The machining step of the invention consists in removing the layer of skin 34, and in setting the machining depth preferably so that it is just enough to uncover the ends of the fibers 27 bordering on the layer of skin 34. Such machining to a depth that is only slightly greater than the depth of the layer 34, prevents nicks from being formed in the surface of the elastomer of the ribs 26, and thereby prevents tear start lines from forming in said surface, which would reduce the life of the belt. Furthermore, although, in the vicinity of the wall 31, the preferred direction of the fibers 27 is substantially parallel to said wall, it can be observed that there is a significant dispersion in the directions of the fibers 27, which dispersion is much greater than that of the fibers 17 in FIG. 1. This dispersion improves the cushion effect procured by the fibers 27, in particular on the sides 31 of the ribs.
This example corresponds to an accelerated ageing test implemented by equipping a Diesel engine successively with three belts of the same type (6 ribs having a pitch of 3.56 mm), but manufactured using different methods, namely:
belt No. 1: a belt machined using a prior art method;
belt No. 2: a belt molded using a prior art method; and
belt No. 3: a belt molded and machined using a method of the invention.
The test was continued until the layers 12 and 15 (or 22 and 25) were observed to separate.
For a life equal to 100 for belt No. 1, a life equal to 142 was observed for belt No. 2, and a life equal to 173 was observed for belt No. 3.
The machined belt had the shortest life. It should be noted that the test implemented was a delamination test for which the vulcanization pressure or the molding pressure was very significant.
Comparing the lives of belt No. 3 and of belt No. 2, which belts were molded at the same pressure, shows that the additional machining step of the invention significantly increases the life of the belt, which is particularly surprising in view of the teaching of above-mentioned Patent Application JP-59 4196 and of European Patent Application EP-633 408. In addition, the life of belt No. 3 is much longer than that of belt No. 1, even though the method of manufacturing it is much more economical because the machining step of the invention involves removing a marginal thickness of material resulting in removing a few percent of the material (as compared with the removal of about 30% of the material in a machined belt).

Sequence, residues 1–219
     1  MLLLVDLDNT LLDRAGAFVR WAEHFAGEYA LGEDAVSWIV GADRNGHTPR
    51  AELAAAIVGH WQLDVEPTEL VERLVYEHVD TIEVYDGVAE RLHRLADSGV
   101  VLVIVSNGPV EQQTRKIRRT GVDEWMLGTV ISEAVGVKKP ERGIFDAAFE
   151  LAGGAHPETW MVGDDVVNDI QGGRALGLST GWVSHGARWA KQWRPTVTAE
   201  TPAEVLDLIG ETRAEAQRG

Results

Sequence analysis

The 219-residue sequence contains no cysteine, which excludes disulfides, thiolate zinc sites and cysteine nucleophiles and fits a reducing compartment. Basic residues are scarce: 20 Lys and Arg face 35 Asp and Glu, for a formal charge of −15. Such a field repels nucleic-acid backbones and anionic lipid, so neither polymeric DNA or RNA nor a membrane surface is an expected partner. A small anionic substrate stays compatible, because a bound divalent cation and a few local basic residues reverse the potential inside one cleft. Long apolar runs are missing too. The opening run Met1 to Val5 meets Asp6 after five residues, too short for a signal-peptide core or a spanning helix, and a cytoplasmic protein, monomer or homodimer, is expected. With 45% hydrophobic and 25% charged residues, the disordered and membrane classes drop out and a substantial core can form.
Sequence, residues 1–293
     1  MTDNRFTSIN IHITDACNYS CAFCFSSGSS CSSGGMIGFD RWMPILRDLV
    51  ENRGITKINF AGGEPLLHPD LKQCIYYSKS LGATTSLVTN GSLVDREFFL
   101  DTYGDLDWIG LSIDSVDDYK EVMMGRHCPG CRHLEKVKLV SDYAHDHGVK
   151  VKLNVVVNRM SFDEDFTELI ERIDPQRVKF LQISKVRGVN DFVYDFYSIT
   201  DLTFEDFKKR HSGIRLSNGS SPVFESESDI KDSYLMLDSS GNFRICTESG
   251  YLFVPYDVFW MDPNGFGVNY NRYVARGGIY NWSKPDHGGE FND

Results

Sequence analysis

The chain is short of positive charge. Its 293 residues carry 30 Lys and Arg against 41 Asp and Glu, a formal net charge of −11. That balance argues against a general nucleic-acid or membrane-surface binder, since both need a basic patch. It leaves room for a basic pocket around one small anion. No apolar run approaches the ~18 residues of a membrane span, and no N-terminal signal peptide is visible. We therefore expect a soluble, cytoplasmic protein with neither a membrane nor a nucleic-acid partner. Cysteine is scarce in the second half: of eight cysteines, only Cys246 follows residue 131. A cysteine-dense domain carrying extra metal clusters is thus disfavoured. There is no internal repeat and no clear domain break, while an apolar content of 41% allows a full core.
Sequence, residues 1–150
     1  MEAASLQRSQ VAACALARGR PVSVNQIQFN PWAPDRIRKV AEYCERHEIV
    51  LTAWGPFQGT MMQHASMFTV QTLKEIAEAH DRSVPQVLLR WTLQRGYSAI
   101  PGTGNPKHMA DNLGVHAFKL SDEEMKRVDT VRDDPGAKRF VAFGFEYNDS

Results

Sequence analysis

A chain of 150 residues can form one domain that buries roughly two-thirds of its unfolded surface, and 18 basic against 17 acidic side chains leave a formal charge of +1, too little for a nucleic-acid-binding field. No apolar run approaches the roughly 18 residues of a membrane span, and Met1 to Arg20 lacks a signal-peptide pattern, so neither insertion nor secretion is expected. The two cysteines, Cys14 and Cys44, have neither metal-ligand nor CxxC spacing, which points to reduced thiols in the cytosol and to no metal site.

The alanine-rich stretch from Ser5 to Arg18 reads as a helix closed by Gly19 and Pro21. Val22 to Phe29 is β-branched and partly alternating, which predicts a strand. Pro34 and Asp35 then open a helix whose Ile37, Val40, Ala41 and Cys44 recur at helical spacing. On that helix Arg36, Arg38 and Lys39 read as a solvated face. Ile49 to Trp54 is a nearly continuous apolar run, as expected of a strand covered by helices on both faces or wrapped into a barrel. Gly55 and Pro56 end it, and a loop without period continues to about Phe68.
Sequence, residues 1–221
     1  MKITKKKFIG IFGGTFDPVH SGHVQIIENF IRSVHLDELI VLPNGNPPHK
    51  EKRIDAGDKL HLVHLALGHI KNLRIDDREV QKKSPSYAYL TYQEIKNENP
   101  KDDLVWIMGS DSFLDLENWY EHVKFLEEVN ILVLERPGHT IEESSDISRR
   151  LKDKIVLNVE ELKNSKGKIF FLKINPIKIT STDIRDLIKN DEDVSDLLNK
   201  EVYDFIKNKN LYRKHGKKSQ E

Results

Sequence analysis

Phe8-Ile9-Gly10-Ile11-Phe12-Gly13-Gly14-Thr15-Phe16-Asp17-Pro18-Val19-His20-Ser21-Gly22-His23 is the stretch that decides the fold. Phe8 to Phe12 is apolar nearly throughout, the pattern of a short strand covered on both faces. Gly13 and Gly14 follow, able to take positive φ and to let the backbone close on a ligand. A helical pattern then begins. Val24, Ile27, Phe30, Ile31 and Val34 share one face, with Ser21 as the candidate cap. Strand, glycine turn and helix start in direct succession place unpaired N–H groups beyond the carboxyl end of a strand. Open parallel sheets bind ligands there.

FIGS. 3a to 3c show the method of the invention.
FIG. 3a shows how a blank 40 is made comprising the layers 21, 22, and 25. The general direction of the fibers 27 is transverse and is parallel to the faces of the blank.
FIG. 3b shows how the blank is molded under pressure in a hydraulic mold 50 having an imprint 51 whose outline corresponds to that of the ribs 26 prior to machining (FIG. 2a). The vulcanization step is generally performed in the hydraulic mold 50, at a pressure of about 20 bars.
FIG. 3c shows how the machining step is performed using a grinding roller 60 having the imprint 61 of the ribs 26 in their final dimensions. For this purpose, the vulcanized blank is mounted to rotate on pulleys 62 and 63, and the grinding roller 60 is brought towards the blank to rectify it to the desired depth, as indicated above, to obtain the belt shown in FIG. 2b. After machining, the belt is generally cut up in known manner into a plurality of individual belts.
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|International Classification||F16G5/06, B29K105/08, B29D29/10, F16G5/20, B29K21/00|
|Cooperative Classification||F16G5/20, B29D29/103|
|European Classification||F16G5/20, B29D29/10B|
|Aug 20, 1997||AS||Assignment|
Owner name: HUTCHINSON SOCIETE ANONYME, FRANCE
Free format text: ASSIGNMENT OF ASSIGNORS INTEREST;ASSIGNOR:BERTHELIER, MARC;REEL/FRAME:008767/0659
Effective date: 19970715
|Nov 5, 2002||FPAY||Fee payment|
Year of fee payment: 4
|Dec 6, 2006||REMI||Maintenance fee reminder mailed|
|May 18, 2007||LAPS||Lapse for failure to pay maintenance fees|
|Jul 10, 2007||FP||Expired due to failure to pay maintenance fee|
Effective date: 20070518